Inactivated vaccines often refer to non-live vaccines. [3] [8] They are further classified depending on the method used to inactivate the pathogen: [3] [4]


Types include: [16]

Advantages and disadvantages



Related Research Articles

Antigen Molecule triggering an immune response (antibody production) in the host

In immunology, an antigen (Ag) is a molecule or molecular structure that can bind to a specific antibody or T-cell receptor. The presence of antigens in the body may trigger an immune response. The term antigen originally referred to a substance that is an antibody generator. Antigens can be proteins, peptides, polysaccharides, lipids, nucleic acids, or other biomolecules.

Vaccine Pathogen-derived preparation that provides acquired immunity to an infectious disease

A vaccine is a biological preparation that provides active acquired immunity to a particular infectious disease. A vaccine typically contains an agent that resembles a disease-causing microorganism and is often made from weakened or killed forms of the microbe, its toxins, or one of its surface proteins. The agent stimulates the body's immune system to recognize the agent as a threat, destroy it, and to further recognize and destroy any of the microorganisms associated with that agent that it may encounter in the future. Vaccines can be prophylactic, or therapeutic. Some vaccines offer full sterilizing immunity, in which infection is prevented completely.

DNA vaccine Vaccine containing DNA

A DNA vaccine is a type of vaccine that transfects a specific antigen-coding DNA sequence into the cells of an organism as a mechanism to induce an immune response.

In biology, immunity is the capability of multicellular organisms to resist harmful microorganisms. Immunity involves both specific and nonspecific components. The nonspecific components act as barriers or eliminators of a wide range of pathogens irrespective of their antigenic make-up. Other components of the immune system adapt themselves to each new disease encountered and can generate pathogen-specific immunity.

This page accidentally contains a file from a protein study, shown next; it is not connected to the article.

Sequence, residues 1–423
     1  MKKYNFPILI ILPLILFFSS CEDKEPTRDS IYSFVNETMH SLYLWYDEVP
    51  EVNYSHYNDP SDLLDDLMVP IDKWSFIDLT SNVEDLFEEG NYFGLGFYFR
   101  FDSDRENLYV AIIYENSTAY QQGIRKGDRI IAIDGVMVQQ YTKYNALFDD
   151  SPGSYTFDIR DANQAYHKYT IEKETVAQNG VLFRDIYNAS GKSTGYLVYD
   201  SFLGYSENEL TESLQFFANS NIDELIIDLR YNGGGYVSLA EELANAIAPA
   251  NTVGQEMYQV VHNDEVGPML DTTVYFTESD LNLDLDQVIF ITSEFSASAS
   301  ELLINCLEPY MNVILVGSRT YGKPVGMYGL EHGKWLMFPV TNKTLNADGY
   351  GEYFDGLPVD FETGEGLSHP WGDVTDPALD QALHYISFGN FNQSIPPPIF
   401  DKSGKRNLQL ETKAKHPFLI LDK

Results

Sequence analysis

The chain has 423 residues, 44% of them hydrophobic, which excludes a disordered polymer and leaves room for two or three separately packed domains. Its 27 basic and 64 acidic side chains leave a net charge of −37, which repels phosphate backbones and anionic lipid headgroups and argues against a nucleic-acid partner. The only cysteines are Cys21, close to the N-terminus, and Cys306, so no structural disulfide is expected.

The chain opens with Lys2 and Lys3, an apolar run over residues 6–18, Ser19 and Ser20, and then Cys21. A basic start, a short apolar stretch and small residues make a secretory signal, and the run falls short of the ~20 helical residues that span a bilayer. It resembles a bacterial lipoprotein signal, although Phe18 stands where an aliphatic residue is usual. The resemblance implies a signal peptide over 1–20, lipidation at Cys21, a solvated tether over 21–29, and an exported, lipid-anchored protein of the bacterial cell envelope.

An exotoxin is a toxin secreted by bacteria. An exotoxin can cause damage to the host by destroying cells or disrupting normal cellular metabolism. They are highly potent and can cause major damage to the host. Exotoxins may be secreted, or, similar to endotoxins, may be released during lysis of the cell. Gram negative pathogens may secrete outer membrane vesicles containing lipopolysaccharide endotoxin and some virulence proteins in the bounding membrane along with some other toxins as intra-vesicular contents, thus adding a previously unforeseen dimension to the well-known eukaryote process of membrane vesicle trafficking, which is quite active at the host-pathogen interface.

Conjugate vaccine Type of vaccine

A conjugate vaccine is a type of subunit vaccine which combines a weak antigen with a strong antigen as a carrier so that the immune system has a stronger response to the weak antigen.

Adaptive immune system Subsystem of the immune system that is composed of specialized, systemic cells and processes